I began by explaining that any emotion she feels had been generated — by her — just a fraction of second before. Then I asked her to stand up and imagine being in a classroom again; her posture stiffened, her face got pale and she stopped breathing. I told her to imagine the feelings she was feeling as a cloud around her. I asked her to describe the color, size and motion of the cloud. (She described it as large, black and sluggish.) I then had her step out of it, walk away from it, then look back at it. I said, “Now we have to work fast because — without a human there to create that emotion — the cloud will disperse quickly.”
I asked her, “Given what you want in the big picture, is that emotion serving you well?” She said, “No, it’s not!” I told her, “Even though the cloud is already beginning to disperse, blow it out like a candle.”
In another location, I had her imagine a matrix for a different emotion that might be more useful. She chose confidence. I then asked her to step into the matrix to turn on feelings of confidence like a cloud around her, and then think of being in a classroom. She was breathing easily, her posture was relaxed and she could easily imagine asking her teacher questions. (She was also stunned that it could be this easy).
This was an amazing change, especially considering that it had taken less than a minute. But we weren’t done yet. I wanted her to have a richer experience of emotional choice. I took her through three more emotions: humor, curiosity and “feeling larger than the situation.” Each new emotion allowed her to participate in the classroom experience in different ways — and most importantly she got to practice evaluating the influence of different emotions and changing among them quickly and easily. With this as a foundation, the strategy and belief work which followed were a piece of cake for both of us.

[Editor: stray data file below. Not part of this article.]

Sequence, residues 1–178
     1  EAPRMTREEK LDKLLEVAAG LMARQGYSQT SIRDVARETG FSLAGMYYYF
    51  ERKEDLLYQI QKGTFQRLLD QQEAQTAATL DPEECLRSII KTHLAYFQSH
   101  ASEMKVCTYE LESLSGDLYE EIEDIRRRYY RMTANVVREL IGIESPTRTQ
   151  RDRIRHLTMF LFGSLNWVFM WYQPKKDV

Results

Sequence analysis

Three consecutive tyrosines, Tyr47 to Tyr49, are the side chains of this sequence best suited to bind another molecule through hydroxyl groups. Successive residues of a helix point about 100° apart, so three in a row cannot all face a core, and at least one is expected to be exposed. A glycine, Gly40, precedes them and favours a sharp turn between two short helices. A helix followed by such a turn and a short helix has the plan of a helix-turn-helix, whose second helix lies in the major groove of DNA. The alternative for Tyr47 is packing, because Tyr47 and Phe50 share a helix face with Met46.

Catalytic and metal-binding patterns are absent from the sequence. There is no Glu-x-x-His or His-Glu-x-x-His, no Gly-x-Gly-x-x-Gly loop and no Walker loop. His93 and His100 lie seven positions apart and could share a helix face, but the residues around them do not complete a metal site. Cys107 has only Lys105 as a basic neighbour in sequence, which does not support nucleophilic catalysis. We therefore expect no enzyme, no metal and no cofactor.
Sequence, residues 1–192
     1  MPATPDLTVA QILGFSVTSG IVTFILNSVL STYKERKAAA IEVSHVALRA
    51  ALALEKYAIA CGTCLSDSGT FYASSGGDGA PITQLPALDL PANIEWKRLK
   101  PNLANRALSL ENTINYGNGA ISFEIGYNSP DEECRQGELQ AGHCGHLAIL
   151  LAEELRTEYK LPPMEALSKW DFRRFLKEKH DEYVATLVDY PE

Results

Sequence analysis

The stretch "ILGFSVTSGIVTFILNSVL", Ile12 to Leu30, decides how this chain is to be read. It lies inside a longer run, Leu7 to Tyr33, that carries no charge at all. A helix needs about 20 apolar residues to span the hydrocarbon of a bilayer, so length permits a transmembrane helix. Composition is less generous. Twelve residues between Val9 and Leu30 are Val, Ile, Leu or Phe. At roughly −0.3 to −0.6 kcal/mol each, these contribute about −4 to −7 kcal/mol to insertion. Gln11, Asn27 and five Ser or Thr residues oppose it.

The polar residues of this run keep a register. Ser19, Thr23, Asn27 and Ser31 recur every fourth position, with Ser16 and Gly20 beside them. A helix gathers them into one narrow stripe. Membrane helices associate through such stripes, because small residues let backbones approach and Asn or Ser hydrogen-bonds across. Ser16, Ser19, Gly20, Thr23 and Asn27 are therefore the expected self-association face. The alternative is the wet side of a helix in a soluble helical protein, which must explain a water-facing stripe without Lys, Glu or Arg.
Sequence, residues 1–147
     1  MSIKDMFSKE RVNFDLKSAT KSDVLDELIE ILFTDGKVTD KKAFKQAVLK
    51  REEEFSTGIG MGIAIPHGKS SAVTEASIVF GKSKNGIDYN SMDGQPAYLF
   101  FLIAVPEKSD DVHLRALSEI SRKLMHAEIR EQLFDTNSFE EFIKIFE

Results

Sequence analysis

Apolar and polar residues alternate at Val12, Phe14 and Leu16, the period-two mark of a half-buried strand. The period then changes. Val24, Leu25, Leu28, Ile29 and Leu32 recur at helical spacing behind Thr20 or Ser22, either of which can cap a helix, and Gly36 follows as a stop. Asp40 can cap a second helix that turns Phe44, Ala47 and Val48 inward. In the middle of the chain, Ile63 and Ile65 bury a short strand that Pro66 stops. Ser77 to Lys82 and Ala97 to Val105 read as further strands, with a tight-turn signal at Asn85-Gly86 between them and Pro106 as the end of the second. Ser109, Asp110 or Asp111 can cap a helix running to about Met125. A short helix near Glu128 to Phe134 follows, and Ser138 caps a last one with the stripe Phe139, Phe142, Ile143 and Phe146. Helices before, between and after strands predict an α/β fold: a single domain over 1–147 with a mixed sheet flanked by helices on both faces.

Use this technique whenever you are feeling unresourceful. And trust yourself — occasionally you will not be able to change your state this easily. Respect that, in those cases, your unconscious knows that a change would not be ecological.
Here are the steps:
1. Imagine the emotion you are feeling as a cloud around you. Notice its color, size and movement.
2. Walk out of the cloud, leaving it where you were standing. Look at the cloud and quickly ask yourself one of the following questions:
a) Given the big picture, is that serving me well?
b) Given the big picture, is that helping my communication?
3. If the emotion is serving you well, step back into it and choose it.
4. If it’s not serving you well, blow out the emotion — which was dissipating quickly anyway (because there is no human being in it to generate it) — and go to step five.
5. In another location, pick a new emotion to try on. Imagine it as just a framework which will turn on as soon as you step into it. Step into it and feel this new emotion as a cloud around you: Will this serve you better? If so, you’re ready to move forward in the situation; if not, step out and try out other emotions until you find one or more that meet the needs of the situation.
The Tunnel Technique
I use the Tunnel Technique quite often when guiding a client through a reimprint.
Once I was guiding a woman through a reimprint of sexual abuse as a child; the younger self felt guilty for what had happened. With my client associated into her younger self, I asked her to notice where she felt the feelings of guilt in in her body.